In documents such as Christus Dominus, Apostolicam Actuositatem, and Presbyterorum Ordinis, the Catholic Church discourages parochialism, emphasizing the importance of apostolic activity.[1] At the same time, Paul VI observes in Evangelii Nuntiandi that “legitimate attention to individual Churches cannot fail to enrich the Church.”[2] His words suggest a possibility that local focus might lead, not to insularity, but to goods that extend beyond the particular community, perhaps even to evangelization and apostolic endeavor. We will examine how the practice of geographic stability can impact a community’s ability to evangelize. Geographic stability is defined as maintaining individual physical proximity to a community sufficient to afford long-term embodied interaction. This essay focuses on the American Catholic parish context and argues that geographic stability fosters two supports for evangelization: strong priest-parishioner relationships and predictability. Drawing on the work of Alasdair MacIntyre, the Benedictine experience, and findings from a study of three parishes in the Diocese of Lafayette-in-Indiana, this essay argues for a connection between stability and evangelization in two sections. The 1st section concerns this connection in terms of …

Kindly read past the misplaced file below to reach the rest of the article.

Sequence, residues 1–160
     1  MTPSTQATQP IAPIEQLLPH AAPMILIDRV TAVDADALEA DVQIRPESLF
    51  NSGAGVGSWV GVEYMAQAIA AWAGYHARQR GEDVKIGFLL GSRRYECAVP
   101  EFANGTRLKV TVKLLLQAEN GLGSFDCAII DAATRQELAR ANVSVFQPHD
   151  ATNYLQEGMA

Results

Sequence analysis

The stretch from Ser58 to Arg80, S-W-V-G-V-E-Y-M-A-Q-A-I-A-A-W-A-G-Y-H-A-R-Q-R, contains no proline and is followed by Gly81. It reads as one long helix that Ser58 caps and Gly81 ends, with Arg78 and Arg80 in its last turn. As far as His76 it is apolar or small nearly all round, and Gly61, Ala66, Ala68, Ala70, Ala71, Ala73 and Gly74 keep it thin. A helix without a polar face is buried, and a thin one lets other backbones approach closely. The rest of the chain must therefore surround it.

Medieval Rites and Contemporary Dying

Medieval Rites The scribes lived over 700 years ago, but their documents give us insight into the monastery’s practices when a brother became seriously ill: The leader of the community, the prior, came to the brother’s sickbed to hear his confession. The others gathered and processed to the infirmary with oil for anointing, incense, the communion host, a cross, and candles. They assembled in the room, singing antiphons and psalms as their sick brother was anointed. The gathered brothers sang songs of petition, using words from the Gospels: “Lord, come down to heal my son before he dies,” and songs of hope: “Jesus said to him, Go, your son lives.”[1] After the anointing, the brothers arranged a schedule so that at least one person remained always at his bedside. Prayers were said for him at the daily public Mass. If the brother did not regain strength, but instead seemed to be nearing the end of his life, the entire community gathered again. In their brother’s presence, they sang a litany, naming members of the heavenly …

Aiming at the Death of Disabled Children